BL: This is the challenge of our business. I don’t think it’s a secret; it is difficult, especially in these times. We work on efficiencies in process and also work to disciplined cost targets. Efficiencies include organisation and knowledge systems, using more simulation than test properties and employing new tools like design for six sigma, etc. There’s no silver bullet, we must push them all constantly, every day and run the business.

Relative to designing to targets, we target what the products must do and we target the costs it must have. We design and engineer to those targets based on customer inputs and if we can’t meet the right ratios, we drop the product and move on.

DL: What’s the basis of Chrysler’s powertrain strategy?

BL: There are two parts to this: First of all, our basic approach is total vehicle system. I know you said powertrain, but the energy demand of the vehicle is incredibly important. For me to do a good powertrain, it must be precisely matched to the losses and efficiencies of the vehicle.

We use a ‘whole house’ analogy at Chrysler. If you think of a house and you want a cost effective and energy-efficient solution, you could go out and buy a new furnace. However, if you have cracks in your windows or doors that don’t seal well, that newer furnace may be more efficient but you are still not going to get the best overall cost-efficient trade-off. It’s very important to look at the entire machine efficiency and make the powertrain match that machine as an integral piece.

So that’s one part.

The second part is our emphasis on controls integration and the integration of the powertrain into the programme with software and controls. We do all of our controls ourselves with the exception of purchased powertrain elements such as diesel engines. That means engine and transmission and all interfaces on the vehicle. We think that’s a strategic capability that we have and we are going to continue to exploit that as we move forward with new technologies.

DL: And there’s an element of strategic partnering too – I’m thinking about diesel engines in particular?

BL: Yes, we partner to optimise investment and to buffer risk. Another good example in addition to diesel engines is the hybridelectric programme, we’re doing with GM, BMW and Mercedes.

DL: How do you see prospects for diesels in the US light vehicle market?

BL: I was on record several years ago as being pretty bullish on diesel prospects in the US – I think I said diesels could take 10-15% of the US market by the 2012 timeframe.

I believed that then, but I didn’t anticipate an inversion of the fuel costs here. A situation where diesel fuel in the US, which used to be US$0.12, US$0.20, US$0.40 a gallon cheaper than gasoline is now anywhere from US$0.20 to, in some cases, US$0.80 a gallon more expensive. Unfortunately, this has really changed things.

We did an experiment a few years ago where the Liberty (known as Cherokee in Europe) was fitted with a diesel for the US market. It did extremely well – we sold more than we had projected. So we hurried about and did a nicer vehicle – a Grand Cherokee – and put that in the US market in ’07 and a half, and sales have not met our expectations.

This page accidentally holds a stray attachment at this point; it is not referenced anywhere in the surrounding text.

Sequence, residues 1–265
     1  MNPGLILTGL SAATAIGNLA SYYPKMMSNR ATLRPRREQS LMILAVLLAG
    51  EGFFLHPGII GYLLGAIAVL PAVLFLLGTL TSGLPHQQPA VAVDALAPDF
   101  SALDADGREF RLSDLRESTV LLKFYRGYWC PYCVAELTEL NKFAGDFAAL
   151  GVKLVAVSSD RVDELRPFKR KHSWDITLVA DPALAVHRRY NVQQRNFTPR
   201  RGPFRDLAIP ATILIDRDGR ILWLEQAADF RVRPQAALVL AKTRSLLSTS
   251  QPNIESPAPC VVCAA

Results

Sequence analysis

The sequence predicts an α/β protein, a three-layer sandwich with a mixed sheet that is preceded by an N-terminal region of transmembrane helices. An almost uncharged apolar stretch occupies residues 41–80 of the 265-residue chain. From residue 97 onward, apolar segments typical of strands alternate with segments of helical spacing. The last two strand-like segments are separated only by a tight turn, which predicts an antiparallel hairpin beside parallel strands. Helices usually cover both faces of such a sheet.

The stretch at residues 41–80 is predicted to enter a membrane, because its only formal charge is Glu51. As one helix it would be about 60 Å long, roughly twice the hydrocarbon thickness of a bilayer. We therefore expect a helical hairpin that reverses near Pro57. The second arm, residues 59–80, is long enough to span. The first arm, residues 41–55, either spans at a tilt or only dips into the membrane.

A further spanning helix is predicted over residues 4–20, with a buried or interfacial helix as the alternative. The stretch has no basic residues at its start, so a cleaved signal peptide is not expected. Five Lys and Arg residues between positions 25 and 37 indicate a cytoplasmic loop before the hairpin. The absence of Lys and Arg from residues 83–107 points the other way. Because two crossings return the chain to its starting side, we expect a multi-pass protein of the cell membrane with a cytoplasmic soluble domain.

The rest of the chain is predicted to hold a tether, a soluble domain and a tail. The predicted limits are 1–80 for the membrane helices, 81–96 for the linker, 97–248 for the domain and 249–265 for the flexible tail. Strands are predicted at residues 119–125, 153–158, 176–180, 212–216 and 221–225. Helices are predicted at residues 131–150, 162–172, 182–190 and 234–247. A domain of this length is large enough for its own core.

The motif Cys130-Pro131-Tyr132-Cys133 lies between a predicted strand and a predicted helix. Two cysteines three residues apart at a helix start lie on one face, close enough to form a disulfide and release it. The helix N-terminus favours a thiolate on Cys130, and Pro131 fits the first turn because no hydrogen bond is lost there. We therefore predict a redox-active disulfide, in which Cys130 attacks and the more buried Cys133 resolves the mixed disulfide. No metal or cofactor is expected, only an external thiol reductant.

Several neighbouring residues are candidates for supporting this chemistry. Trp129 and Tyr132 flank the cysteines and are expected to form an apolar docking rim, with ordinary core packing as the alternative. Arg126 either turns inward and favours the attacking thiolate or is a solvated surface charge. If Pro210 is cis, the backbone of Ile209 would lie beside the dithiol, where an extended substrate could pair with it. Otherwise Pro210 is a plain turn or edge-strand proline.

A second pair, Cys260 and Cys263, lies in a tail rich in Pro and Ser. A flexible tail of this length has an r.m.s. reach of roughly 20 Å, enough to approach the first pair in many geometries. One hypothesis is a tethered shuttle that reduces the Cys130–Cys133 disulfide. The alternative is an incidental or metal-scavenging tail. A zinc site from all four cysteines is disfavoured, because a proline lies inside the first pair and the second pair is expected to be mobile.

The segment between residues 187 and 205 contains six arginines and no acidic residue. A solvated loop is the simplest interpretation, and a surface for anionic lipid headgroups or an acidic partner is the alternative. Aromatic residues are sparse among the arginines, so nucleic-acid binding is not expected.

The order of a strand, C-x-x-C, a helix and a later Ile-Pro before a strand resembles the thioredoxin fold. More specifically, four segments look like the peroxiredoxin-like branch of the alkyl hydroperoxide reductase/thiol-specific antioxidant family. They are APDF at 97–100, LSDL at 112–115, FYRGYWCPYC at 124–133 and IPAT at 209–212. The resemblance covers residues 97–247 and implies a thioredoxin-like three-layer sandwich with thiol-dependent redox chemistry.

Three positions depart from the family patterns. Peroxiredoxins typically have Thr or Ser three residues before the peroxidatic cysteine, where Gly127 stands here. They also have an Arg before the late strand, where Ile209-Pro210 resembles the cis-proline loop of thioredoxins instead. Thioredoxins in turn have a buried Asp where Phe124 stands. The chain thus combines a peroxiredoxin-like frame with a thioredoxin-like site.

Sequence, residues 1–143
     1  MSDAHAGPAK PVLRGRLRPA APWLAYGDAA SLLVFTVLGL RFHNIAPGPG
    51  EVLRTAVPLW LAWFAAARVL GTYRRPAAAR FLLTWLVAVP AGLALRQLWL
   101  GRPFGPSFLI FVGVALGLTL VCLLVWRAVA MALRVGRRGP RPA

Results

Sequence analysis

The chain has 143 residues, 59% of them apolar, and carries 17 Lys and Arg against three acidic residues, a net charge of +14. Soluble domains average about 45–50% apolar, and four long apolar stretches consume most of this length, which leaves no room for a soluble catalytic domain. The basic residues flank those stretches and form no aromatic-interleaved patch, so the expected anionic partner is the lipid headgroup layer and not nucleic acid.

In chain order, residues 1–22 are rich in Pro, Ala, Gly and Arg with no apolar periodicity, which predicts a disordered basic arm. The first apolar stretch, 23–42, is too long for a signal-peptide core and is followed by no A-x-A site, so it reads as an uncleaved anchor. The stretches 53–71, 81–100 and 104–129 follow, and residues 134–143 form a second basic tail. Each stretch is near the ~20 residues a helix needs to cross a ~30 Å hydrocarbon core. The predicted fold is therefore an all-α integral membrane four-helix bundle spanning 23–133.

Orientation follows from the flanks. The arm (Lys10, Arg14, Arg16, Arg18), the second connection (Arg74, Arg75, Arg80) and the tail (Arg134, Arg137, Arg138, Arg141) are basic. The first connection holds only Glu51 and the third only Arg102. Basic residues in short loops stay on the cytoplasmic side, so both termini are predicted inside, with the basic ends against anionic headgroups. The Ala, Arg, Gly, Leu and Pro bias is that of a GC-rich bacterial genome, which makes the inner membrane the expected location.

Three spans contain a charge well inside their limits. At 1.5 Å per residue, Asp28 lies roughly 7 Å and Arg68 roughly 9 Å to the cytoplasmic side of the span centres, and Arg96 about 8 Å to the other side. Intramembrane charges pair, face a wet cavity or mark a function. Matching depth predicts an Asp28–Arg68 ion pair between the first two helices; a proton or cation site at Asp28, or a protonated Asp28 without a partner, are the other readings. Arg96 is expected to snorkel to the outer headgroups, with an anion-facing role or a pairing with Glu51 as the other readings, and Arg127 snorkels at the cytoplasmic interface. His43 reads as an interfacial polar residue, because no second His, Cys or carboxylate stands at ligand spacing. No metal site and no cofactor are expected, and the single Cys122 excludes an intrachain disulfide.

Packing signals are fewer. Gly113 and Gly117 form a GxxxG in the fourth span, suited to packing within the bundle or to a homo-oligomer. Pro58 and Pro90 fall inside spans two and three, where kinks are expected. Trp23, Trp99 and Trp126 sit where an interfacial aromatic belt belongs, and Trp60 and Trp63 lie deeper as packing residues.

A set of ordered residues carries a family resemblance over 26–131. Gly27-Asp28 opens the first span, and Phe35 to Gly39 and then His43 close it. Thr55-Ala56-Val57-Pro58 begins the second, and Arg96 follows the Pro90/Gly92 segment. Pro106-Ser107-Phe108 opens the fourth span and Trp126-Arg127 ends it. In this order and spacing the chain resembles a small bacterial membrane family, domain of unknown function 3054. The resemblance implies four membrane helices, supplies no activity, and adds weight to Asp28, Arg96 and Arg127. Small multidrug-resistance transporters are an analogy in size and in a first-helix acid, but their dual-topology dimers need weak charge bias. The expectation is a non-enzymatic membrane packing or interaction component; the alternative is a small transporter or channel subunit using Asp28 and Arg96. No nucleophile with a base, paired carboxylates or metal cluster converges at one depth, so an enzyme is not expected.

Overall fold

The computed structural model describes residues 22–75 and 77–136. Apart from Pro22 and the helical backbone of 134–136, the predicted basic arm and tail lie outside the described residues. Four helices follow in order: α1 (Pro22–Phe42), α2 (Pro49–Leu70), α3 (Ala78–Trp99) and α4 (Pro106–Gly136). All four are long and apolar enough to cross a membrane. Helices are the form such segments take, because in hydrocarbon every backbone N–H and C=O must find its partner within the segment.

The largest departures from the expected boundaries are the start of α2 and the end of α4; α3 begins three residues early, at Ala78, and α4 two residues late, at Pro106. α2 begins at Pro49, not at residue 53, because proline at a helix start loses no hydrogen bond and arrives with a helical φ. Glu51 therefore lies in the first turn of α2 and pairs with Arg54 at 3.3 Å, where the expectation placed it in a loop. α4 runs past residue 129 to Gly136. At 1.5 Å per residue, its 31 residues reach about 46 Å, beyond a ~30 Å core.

It’s a very credible vehicle – a really strong competitor to an M-Class, very competitively priced versus an M-Class, and even the same engine. The vehicle’s overall refinement has won all kinds of praise from the press, but the sales are just disappointing.

The combination of the fuel price and whatever else is going on has really led us to wonder what will happen. I’m told VW is bringing their new diesel vehicles to market here soon and we’ll eagerly watch how the market reacts.

But my 10-15% penetration of a few years ago…I’m probably off base by a factor of two.

DL: More like 5% diesel share then?

BL: 5-6% maybe.

DL: What do you see as the main pros and cons in working with so many external partners?

BL: The advantages with multiple partners are easy. There’s a geographic dispersion of input and experience and we also get an ability to share processes and technology. We get a good understanding of what’s going on in the world with multiple partners What’s the problem with that? There can be problems with distributed resources and straining to do things efficiently because not every partner is doing things the same way. We may have two different engines that are calibrated very differently because they come from two different organisations. Things like the electrical interfaces can become more difficult as a result.

So we try to minimise the number of partners yet cover the range of technologies we need in order to be as competitive as we can.

DL: How important are dual-clutch transmissions and how are Chrysler’s DCT plans progressing?

BL: We’ve identified through our ‘whole house’ or whole system approach to fuel economy optimisation, that one of the biggest energy parasitic losses is the transmission. Some transmissions are better than others, but in general DCTs are significantly more efficient than step-ratio transmissions. With a DCT, the first thing we do is eliminate the torque converter and that in itself takes out quite a few percentage points of inefficiency. Then the hydraulics of the internal clutches are eliminated and hence there is a much lower energy demand.

We think DCTs are good. We see typical benefits of 6%-8%. In some cases we see significantly more than that. We have our first DCT in production in Europe on a diesel Sebring vehicle.

We’re on our way and we strongly believe in technology as a part of the total solution.

DL: And that’s proprietary Chrysler technology?

BL: Well, yes and no. We actually designed the DCTs ourselves and then we figured out the best business case and trade-offs on the volumes. As a result, we have entered into an arrangement with GETRAG and they’re building a facility here in the US to produce the DCTs for us.